Chronic Deflation in Japan


  • We would like to thank Kazuo Ueda, Andrew Levin, Eiji Maeda, Etsuro Shioji, Nobutoshi Kitaura, David Weinstein, Neil Ericsson, Hibiki Ichiue, the editors of the Asian Economic Policy Review (AEPR), and the participants in the AEPR Conference, the BoJ-CARF Joint Conference, the BIS Research Workshop, as well as those in seminars at Columbia University, the Federal Reserve Board, and the Federal Reserve Bank of New York, for useful comments and discussions. We are solely responsible for any remaining errors in the paper. The views expressed in this paper do not necessarily reflect those of the Bank of Japan.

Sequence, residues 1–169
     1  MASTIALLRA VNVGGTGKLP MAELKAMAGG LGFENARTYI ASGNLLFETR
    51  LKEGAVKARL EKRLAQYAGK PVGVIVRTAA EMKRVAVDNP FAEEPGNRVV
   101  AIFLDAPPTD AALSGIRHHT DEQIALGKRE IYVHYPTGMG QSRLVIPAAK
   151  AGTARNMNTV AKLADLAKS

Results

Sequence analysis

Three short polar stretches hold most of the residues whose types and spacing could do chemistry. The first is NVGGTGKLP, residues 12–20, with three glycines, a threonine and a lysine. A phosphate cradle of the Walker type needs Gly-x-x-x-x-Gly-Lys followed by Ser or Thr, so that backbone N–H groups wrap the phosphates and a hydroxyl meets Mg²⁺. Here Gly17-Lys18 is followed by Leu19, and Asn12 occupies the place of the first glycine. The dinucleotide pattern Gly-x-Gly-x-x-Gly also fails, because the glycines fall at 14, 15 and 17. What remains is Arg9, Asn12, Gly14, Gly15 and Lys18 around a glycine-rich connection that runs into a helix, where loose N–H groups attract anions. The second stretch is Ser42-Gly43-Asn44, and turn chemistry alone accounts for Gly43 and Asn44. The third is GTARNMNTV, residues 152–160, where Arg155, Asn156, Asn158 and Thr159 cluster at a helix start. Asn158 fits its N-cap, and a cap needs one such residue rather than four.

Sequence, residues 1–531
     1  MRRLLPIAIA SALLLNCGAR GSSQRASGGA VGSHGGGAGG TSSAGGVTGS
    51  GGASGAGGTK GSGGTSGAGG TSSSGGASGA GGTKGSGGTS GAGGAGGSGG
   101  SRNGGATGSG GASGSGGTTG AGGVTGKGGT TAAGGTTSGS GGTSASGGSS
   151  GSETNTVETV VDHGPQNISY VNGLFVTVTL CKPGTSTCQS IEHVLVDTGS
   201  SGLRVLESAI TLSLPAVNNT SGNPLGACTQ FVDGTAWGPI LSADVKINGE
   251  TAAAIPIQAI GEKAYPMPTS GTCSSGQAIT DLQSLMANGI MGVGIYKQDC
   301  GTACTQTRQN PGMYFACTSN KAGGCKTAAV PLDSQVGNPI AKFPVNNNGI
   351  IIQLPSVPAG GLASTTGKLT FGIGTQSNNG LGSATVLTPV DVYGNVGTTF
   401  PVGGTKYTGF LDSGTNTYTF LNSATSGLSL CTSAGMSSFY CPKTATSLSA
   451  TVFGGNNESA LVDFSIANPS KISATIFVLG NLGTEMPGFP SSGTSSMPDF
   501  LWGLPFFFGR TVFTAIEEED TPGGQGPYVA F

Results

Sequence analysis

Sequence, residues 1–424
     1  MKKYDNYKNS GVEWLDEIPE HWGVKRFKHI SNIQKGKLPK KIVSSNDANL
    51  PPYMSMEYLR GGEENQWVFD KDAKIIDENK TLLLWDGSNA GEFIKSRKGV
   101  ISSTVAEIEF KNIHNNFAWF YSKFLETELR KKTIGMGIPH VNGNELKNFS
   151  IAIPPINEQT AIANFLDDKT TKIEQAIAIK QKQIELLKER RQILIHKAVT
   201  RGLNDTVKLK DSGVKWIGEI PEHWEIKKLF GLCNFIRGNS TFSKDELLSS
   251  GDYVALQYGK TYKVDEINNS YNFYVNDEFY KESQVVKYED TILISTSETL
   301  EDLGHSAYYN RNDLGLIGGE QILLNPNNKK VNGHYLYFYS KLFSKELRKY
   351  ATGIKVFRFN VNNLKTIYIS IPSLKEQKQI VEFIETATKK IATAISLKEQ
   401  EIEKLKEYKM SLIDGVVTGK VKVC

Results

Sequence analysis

Japan has suffered from a long-lasting but mild deflation since the latter half of the 1990s. Estimates of a standard Phillips curve indicate that a decline in inflation expectations, the negative output gap, and other factors such as a decline in import prices and a higher exchange rate all account for some of this development. These factors, in turn, reflect various underlying structural features of the Japanese economy. This paper examines a long list of these structural features that may explain Japan's chronic deflation, including the zero lower bound on the nominal interest rate, public attitudes toward the price level, central bank communication, weaker growth expectations coupled with declining potential growth or the lower natural rate of interest, risk-averse banking behavior, deregulation, and the rise of emerging economies.